Minimize on-chain footprint¶
On-chain transactions are expensive and slow, so the top priority is to make state transitions always stay off-chain, and only resort to on-chain operation when absolutely necessary (e.g., when two parties disagree on a state, or deposit/withdraw fund to/from the channel).
Another important aspect is to minimize the cost of each on-chain operation through deep smart contract optimization. Some common practices (ranked by importance) includes avoiding contract deployment by users, minimizing the number of transactions per business-level operation, minimizing on-chain storage per channel.
Minimize relay node on-chain interaction¶
One essential lesson we learned from building various large-scale robust distributed systems is to push the complexity to the edge, which also applies to building a robust state channel network. The off-chain protocol should make sure the intermediate nodes have minimal possibilities to perform on-chain transactions or view function calls when relaying off-chain payments, and push the responsibilities of on-chain dispute to the end-to-end payment sender/receiver and app users. This end-to-end principle makes the network much easier to scale and defend against malicious attacks.
Minimize on-chain view calls¶
People may have the illusion that on-chain view calls are free and can be used whenever they want. Actually on-chain view calls can quickly become a bottleneck if not used carefully when running an off-chain service in production, mainly for two reasons: 1) from a cost perspective, most entities have to rely on other services like Infura or Alchemy to view on-chain information, and have to pay them in order to receive a high-throughput and reliable service; 2) from a performance perspective, on-chain view calls are often much slower than fetching data from local storage servers or exchanging information with state channel peers.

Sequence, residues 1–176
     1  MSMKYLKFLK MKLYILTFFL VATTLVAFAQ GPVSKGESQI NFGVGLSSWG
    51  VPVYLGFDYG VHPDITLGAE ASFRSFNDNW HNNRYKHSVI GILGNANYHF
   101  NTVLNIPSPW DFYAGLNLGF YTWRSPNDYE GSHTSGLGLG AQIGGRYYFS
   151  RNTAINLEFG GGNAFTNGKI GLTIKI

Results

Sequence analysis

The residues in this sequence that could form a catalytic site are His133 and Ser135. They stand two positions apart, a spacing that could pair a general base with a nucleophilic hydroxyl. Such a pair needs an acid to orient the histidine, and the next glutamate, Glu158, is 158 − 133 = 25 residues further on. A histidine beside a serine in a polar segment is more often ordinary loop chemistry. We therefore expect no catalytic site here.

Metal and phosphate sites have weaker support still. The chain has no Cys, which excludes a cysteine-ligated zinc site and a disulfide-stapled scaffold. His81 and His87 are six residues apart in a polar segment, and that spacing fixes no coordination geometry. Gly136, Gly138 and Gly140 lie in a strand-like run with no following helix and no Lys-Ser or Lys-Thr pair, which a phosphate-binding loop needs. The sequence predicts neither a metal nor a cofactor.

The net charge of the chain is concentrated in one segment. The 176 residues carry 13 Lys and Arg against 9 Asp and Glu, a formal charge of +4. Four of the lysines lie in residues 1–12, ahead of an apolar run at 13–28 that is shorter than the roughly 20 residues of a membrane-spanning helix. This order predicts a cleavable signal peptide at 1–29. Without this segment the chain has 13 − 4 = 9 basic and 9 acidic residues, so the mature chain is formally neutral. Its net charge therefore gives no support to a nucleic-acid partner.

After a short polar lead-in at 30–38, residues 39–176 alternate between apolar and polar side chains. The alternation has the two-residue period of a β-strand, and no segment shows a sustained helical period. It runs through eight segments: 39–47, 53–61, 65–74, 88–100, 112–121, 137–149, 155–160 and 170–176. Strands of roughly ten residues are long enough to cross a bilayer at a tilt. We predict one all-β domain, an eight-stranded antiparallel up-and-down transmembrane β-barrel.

Minimize off-chain communication overhead¶
Though off-chain communication is much faster than on-chain interaction, it still needs to be optimized for better performance and reliability. There are two major overheads to be minimized for each business-level operation: message round trip and the storage IO. The detailed off-chain protocols are described in later CelerPay off-chain and CelerApp sections
Enable low-cost decentralized system upgrade¶
One common issue about layer-1 blockchains is the great difficulty to upgrade since it requires global consensus. State channel has the advantage to be able to perform per-channel upgrade as long as all the channel peers agree. However, if not well designed, this upgrade process may still be annoying, which could involve multiple on-chain transitions and long off-chain downtime per channel. Celer enables zero-downtime and low-cost system upgrade through structured contract design and the use of protobuf, which will be detailed in later sections.
Celer Network aims to become a platform-independent layer-2 scaling platform running across different layer-1 blockchains that support smart contracts. Therefore, we need to design data structure and object interaction logic that works for different blockchains, frameworks, and programming languages. A key design choice to serve this purpose is to use Protocol Buffers (protobuf) to represent all the core data structures.
Celer uses protobuf to serialize and deserialize messages exchanged during communication among off-chain nodes and interaction between off-chain nodes and on-chain contracts. Although platform-specific smart contract languages such as Solidity provides their own ABI encoding and decoding functions, we choose to use protobuf for its proven flexibility, efficiency, extensibility, and platform neutrality. With protobuf, Celer core data structures can be seamlessly used in off-chain communication protocols and instantly extended to other blockchains that we plan to support.
In order to support cross-platform interoperability, Celer components at different platforms need to support the same set of protobuf messages, which can be categorized into four groups:
- chain.proto is used only for interactions with CelerPay on-chain smart contracts.
- entity.proto has CelerPay core data structures for both on-chain and off-chain communications.
- message.proto is used only for CelerPay off-chain communication.
- app.proto is used for CelerApp on-chain and off-chain communications.
The definition and usage of these protobuf messages will be described in later sections.
There are plenty of protobuf add-ons which cover most of the popular languages that are suitable to build our off-chain systems. However, there was no such add-on for Solidity, which we use to implement our solutions on Ethereum. Hence we implemented a Solidity library generator to decode proto3 messages within Solidity smart contracts efficiently. It supports proto3 native types and uses field option for Solidity native types.